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Cursive script 'g' and capital 'G'

From Wikipedia, the free encyclopedia
G (named gee /di/)
is the seventh letter in the ISO basic Latin
1 History
1.1 Typographic variants
2 Use
3 Equivalent letters in other scripts
4 Related letters and other similar characters
5 Computing codes
6 Other representations
7 See also
8 References
9 External links
The letter 'G' was introduced in the Old Latin period as a variant of 'C' to distinguish voiced // from voiceless
/k/. The recorded originator of 'G' is freedman Spurius Carvilius Ruga, the first Roman to open a fee-paying
school, who taught around 230 BC. At this time, 'K' had fallen out of favor, and 'C', which had formerly
represented both // and /k/ before open vowels, had come to express /k/ in all environments.
Ruga's positioning of 'G' shows that alphabetic order related to the letters' values as Greek numerals was a
concern even in the 3rd century BC. Sampson (1985) suggests that: "Evidently the order of the alphabet was felt
to be such a concrete thing that a new letter could be added in the middle only if a 'space' was created by the
dropping of an old letter."
According to some records, the original seventh letter, 'Z', had been purged from
the Latin alphabet somewhat earlier in the 3rd century BC by the Roman censor Appius Claudius, who found it
distasteful and foreign.
Eventually, both velar consonants /k/ and // developed palatalized allophones before front vowels;
consequently in today's Romance languages, 'c' and 'g' have different sound values depending on context.
Because of French influence, English orthography shares this feature.
Typographic variants
The modern lowercase 'g' has two typographic variants: the single-storey (sometimes opentail) ' ' and the
double-story (sometimes looptail) ' '. The single-storey form derives from the majuscule (uppercase) form by
raising the serif that distinguishes it from 'c' to the top of the loop, thus closing the loop, and extending the
vertical stroke downward and to the left. The double-story form (g) had developed similarly, except that some
Typographic variants include a
double-storey and single-storey g.
ornate forms then extended the tail back to the right, and to the left
again, forming a closed bowl or loop. The initial extension to the right
was absorbed into the upper closed bowl. The double-story version
became popular when printing switched to "Roman type" because the
tail was effectively shorter, making it possible to put more lines on a
page. In the double-story version, a small top stroke in the upper-right,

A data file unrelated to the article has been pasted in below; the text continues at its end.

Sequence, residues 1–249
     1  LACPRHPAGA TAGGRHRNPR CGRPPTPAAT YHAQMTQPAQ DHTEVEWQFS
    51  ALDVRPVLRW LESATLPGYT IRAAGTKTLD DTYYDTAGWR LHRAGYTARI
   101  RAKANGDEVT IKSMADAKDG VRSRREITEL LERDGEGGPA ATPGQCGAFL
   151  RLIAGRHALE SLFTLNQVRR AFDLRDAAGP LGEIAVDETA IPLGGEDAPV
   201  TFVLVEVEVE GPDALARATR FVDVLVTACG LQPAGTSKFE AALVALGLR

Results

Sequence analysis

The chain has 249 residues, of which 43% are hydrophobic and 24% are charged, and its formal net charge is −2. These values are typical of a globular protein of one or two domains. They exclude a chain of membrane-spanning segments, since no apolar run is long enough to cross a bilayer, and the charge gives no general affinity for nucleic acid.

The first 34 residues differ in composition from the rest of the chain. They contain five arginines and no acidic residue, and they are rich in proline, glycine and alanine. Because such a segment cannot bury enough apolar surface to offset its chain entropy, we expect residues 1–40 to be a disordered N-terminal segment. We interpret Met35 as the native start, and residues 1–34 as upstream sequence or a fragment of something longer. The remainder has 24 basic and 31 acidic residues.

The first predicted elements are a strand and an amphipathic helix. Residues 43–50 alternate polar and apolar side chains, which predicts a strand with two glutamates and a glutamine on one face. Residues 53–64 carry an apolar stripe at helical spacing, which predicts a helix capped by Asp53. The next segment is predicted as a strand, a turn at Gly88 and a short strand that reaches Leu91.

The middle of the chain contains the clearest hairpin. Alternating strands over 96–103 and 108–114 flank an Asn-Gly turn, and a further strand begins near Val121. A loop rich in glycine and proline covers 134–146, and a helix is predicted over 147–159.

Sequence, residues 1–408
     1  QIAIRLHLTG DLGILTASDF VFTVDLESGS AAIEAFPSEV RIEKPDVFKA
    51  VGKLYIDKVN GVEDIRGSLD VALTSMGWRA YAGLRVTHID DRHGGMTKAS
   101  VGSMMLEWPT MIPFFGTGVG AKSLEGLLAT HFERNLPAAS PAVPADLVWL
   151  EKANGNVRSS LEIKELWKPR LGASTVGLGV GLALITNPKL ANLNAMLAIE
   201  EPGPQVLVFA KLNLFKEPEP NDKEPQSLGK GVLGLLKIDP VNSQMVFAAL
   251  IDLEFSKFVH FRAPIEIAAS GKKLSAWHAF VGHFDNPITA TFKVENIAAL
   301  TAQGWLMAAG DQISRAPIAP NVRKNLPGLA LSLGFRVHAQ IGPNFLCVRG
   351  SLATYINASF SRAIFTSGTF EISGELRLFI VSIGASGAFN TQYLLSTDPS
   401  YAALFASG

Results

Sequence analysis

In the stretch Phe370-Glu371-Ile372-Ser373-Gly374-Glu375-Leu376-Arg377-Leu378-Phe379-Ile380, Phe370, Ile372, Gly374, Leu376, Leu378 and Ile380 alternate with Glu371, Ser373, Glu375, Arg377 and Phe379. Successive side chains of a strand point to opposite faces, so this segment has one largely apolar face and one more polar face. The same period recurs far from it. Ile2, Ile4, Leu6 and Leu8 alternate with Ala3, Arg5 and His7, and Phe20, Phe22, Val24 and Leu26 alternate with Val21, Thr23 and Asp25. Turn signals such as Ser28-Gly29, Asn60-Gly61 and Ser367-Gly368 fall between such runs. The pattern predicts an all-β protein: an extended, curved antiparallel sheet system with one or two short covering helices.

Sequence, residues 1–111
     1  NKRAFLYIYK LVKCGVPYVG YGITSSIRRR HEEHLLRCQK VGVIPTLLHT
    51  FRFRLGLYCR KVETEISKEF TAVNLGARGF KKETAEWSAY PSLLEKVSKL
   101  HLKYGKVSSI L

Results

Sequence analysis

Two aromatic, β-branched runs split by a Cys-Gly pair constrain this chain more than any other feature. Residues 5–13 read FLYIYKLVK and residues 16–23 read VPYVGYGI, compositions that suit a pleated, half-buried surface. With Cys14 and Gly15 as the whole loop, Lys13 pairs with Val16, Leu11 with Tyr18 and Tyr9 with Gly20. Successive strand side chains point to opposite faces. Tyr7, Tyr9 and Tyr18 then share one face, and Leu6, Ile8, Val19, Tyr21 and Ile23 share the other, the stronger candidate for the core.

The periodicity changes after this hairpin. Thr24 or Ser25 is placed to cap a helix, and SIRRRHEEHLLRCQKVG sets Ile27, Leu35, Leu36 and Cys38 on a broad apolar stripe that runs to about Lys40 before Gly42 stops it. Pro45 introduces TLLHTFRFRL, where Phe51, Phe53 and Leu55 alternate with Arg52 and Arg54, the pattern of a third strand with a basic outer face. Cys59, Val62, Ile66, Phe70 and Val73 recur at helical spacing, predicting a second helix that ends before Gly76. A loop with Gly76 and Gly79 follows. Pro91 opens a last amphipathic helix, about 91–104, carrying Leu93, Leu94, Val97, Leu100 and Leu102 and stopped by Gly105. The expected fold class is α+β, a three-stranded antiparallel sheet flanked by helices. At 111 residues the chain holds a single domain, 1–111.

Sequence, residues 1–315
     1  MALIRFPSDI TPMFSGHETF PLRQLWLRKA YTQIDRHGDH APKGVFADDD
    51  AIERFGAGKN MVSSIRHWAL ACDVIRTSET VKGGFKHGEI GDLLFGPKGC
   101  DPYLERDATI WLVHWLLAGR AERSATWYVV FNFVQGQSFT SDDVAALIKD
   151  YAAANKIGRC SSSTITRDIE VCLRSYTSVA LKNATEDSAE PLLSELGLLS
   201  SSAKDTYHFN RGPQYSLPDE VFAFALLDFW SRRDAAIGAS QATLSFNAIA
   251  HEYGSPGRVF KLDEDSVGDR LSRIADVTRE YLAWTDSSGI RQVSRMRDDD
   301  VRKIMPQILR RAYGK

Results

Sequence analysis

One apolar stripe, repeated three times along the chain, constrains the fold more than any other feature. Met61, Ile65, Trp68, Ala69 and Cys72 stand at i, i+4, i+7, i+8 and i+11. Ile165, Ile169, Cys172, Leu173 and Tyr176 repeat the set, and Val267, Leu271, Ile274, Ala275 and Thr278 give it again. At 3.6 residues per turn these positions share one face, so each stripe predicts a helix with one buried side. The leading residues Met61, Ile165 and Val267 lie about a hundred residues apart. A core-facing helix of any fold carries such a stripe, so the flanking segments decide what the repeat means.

often terminating in an orb shape, is called an "ear".
Generally, the two forms are complementary, but occasionally the
difference has been exploited to provide contrast. The 1949 Principles of
the International Phonetic Association recommends using for
advanced voiced velar plosives (denoted by Latin small letter script G)
and for regular ones where the two are contrasted, but this suggestion
was never accepted by phoneticians in general, and today ' ' is the
symbol used in the International Phonetic Alphabet, with ' '
acknowledged as an acceptable variant and more often used in printed
In English, the letter appears either alone or in some digraphs. Alone, it represents
a voiced velar plosive (// or "hard G"), as in goose, gargoyle and game;
a voiced palato-alveolar affricate (/d/ or "soft G"), generally before 'i' or 'e', as in giant, ginger and
geology or
a voiced palato-alveolar sibilant (//) in some words of French origin, such as rouge, beige and genre.
In words of Romance origin, 'g' is mainly soft before 'e' (including the digraphs ae and oe), 'i', and 'y' and hard
otherwise. There are many English words of non-Romance origin where 'g' is hard though followed by 'e' or 'i'
(e.g. get, gift), and a few in which 'g' is soft though followed by 'a' such as gaol, margarine, and an alternative
pronunciation of vegan.
The digraph 'dg' represents
a voiced palato-alveolar affricate (/d/) as in bridge or judge.
The digraph 'ng' represents either
a velar nasal (//) as in length and sing, or
a consonant cluster of the latter with the hard G (//) as in jungle and finger, or
a consonant cluster of /nd/, as in sponge or binge.
The digraph 'gh' (which mostly came about when the letter yogh, which took various values including //, //,
/x/ and /j/, was removed from the alphabet) now represents a great variety of values, including